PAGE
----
ELIZABETHTOWN — Although this year will mark the first in 34 years that no women serve on the Essex County Board of Supervisors, the next one will get to sit in a historic chair.
The Essex County general election in November saw the removal of all four women on the board against male opponents.
But this week, the Inez Milholland Chair was dedicated by those four outgoing lawmakers, and it will be sitting in the Old County Courthouse at Elizabethtown, waiting for the next woman elected to the Board of Supervisors.
A Lewis resident, Milholland fought for women’s rights, especially the right to vote, in the early 1900s.
“She worked tirelessly for the cause of American women,” outgoing Supervisor Margaret Bartley (D-Elizabethtown) said during the ceremony.
“In 1916, while delivering a speech in Los Angeles, she fell ill and died a few weeks later at the age of 30.”
She said Milholland’s body was returned to her home at Meadowmount Farm in Lewis. She was buried in Lewis Cemetery with more than 2,000 people in attendance.
“Four years after her (Milholland’s) death, the 19th Amendment to the Constitution was passed in 1920, giving American women the right to vote,” Bartley said.
“It took another 60 years, in 1980, before a woman became a member of the Essex County Board of Supervisors.”
In 1980, Florence Hathaway of Willsboro and Mildred Dobie of North Hudson were the first women on the board, followed by Joyce Morency of St. Armand in 1981.
Bartley said that on Sept. 19, 1911, Milholland addressed the Essex County Board of Supervisors on women’s rights. The supervisor read Milholland’s remarks aloud.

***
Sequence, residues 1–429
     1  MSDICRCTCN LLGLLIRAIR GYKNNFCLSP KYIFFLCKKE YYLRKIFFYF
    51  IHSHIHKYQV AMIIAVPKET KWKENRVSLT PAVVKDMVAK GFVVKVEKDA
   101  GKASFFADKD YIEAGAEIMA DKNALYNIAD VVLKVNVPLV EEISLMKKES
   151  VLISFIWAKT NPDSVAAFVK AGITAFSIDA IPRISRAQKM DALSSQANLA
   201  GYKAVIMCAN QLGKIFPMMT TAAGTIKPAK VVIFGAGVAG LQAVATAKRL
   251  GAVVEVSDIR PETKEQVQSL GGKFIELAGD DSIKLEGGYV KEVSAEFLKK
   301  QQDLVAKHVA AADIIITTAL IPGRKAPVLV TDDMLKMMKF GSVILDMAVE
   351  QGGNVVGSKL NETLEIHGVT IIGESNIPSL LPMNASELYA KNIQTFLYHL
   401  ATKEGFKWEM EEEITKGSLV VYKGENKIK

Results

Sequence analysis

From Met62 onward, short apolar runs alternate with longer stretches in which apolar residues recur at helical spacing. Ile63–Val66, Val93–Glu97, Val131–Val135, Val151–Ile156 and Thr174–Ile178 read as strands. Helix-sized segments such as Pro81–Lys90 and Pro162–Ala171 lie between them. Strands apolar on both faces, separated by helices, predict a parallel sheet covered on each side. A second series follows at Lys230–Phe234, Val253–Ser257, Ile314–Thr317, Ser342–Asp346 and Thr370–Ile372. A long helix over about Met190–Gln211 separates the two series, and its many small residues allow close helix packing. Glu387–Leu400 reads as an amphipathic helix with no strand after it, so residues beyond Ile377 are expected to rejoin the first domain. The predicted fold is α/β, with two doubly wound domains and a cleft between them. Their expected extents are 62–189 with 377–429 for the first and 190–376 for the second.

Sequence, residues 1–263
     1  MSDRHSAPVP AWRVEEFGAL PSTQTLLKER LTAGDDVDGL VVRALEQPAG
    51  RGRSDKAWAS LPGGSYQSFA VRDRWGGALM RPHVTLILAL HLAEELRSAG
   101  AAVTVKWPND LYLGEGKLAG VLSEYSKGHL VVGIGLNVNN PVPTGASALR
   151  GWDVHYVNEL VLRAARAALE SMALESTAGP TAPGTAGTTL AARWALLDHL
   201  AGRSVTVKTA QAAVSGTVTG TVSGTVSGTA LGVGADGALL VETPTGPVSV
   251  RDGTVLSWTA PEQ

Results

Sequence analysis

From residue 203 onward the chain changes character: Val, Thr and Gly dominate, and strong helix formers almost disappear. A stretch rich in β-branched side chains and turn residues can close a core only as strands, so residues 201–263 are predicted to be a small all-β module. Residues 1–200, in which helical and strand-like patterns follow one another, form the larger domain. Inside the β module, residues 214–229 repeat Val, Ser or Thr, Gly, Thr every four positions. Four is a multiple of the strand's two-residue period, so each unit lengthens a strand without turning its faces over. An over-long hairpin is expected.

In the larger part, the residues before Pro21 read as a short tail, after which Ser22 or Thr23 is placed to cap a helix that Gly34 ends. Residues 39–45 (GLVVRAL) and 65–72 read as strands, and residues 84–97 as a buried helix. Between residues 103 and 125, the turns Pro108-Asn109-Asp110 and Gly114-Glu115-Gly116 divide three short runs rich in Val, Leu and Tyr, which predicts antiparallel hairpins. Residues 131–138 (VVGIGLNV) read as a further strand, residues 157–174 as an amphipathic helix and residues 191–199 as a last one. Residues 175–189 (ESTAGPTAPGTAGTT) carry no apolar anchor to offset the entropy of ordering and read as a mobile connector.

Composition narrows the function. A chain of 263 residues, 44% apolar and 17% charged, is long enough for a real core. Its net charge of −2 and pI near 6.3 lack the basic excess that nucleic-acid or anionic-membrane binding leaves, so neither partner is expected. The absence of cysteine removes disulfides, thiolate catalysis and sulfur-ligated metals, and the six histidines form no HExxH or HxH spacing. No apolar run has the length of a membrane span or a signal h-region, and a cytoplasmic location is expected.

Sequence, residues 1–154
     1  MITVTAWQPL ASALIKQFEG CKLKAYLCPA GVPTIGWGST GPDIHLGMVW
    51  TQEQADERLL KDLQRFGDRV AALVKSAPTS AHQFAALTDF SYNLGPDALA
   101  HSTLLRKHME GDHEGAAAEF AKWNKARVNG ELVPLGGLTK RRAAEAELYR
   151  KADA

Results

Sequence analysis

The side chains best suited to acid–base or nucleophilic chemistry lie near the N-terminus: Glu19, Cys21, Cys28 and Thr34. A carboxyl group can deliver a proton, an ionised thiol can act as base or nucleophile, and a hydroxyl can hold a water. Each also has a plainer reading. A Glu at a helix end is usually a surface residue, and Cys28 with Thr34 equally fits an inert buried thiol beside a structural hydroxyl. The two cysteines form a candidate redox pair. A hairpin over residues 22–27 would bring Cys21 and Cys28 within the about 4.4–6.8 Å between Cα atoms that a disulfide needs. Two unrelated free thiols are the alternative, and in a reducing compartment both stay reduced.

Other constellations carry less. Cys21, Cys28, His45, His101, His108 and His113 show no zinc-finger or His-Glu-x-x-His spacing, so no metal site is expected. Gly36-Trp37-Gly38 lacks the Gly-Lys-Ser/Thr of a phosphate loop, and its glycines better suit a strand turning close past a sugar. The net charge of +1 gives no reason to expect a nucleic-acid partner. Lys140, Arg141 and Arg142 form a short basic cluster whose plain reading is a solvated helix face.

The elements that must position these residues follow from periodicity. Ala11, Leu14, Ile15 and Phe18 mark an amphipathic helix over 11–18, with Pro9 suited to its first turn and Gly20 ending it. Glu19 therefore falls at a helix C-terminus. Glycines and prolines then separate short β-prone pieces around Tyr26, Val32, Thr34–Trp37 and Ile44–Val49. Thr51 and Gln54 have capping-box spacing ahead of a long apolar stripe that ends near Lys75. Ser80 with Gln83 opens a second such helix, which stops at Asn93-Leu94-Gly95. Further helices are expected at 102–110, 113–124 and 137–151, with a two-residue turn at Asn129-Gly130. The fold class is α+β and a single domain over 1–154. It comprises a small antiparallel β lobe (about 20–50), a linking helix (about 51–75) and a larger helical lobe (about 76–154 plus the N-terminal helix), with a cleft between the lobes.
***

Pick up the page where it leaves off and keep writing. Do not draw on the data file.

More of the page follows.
“Women have the same interests as men: in clean government, good roads and sound education,” Milholland told lawmakers in 1911. “Yet they have nothing whatever to say about the laws. These questions are handled by a (state) legislature, which pays no attention to the wants, the needs or the voice of women.”
Milholland soon took her case to the Essex County Republican Convention in Lake Placid and received a unanimous vote of support from its members.
Two years after that, she led a parade of 8,000 women who marched on Washington, D.C., in support of women’s rights just before President Woodrow Wilson’s inauguration.
Bartley said that, according to the U.S. Census, there are 18,740 women living in Essex County, and after Jan. 1, 2014, they “will no longer have a representative or a voice in county government.”
Board of Supervisors Chair Randy Douglas (D-Jay) praised the departing women supervisors for their work.
“We’re certainly going to miss you. I thank you for all you’ve given of your time. You were all dedicated public servants.”
County Manager Daniel Palmer said lightheartedly that, when he became county manager, one of the women on the board gave him a pin that said “Just do what the women say,” and he still wears it.
Outgoing Supervisor Debra Malaney (R-Ticonderoga) pointed out that the Inez Milholland Society has been formed to encourage, mentor and support Essex County women who want to run for elective office at the county, town or village level.
“The Inez Milholland Chair would be reserved for the next Essex County woman supervisor who joins this board,” Malaney said. “It would be used by her and passed on to subsequent women who are elected to this office.”
Outgoing Supervisor Sharon Boisen (I-Essex) said Milholland is someone all women can still be proud of today.
“Sadly, a full 100 years after Inez Milholland rallied for women’s rights, the good old boys have successfully eradicated woman from local government in Essex County. Women have come so close, yet remain so far away from truly being liberated.”
Outgoing Supervisor Sue Montgomery Corey (D-Minerva) read a list of the 19 women who have served on the Essex County Board of Supervisors since 1980.
“It ain’t gonna be the same without you,” Supervisor Roby Politi (R-North Elba) told them when she’d finished.
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Inez Milholland (Aug. 6, 1886-Nov. 25, 1916) was a labor lawyer, World War I correspondent and public speaker who greatly influenced the Women's Right to Vote movement in America.
Though she was born in Brooklyn, her home was at Meadowmount Farm in the Town of Lewis. Contact the Inez Milholland Society for more information: firstname.lastname@example.org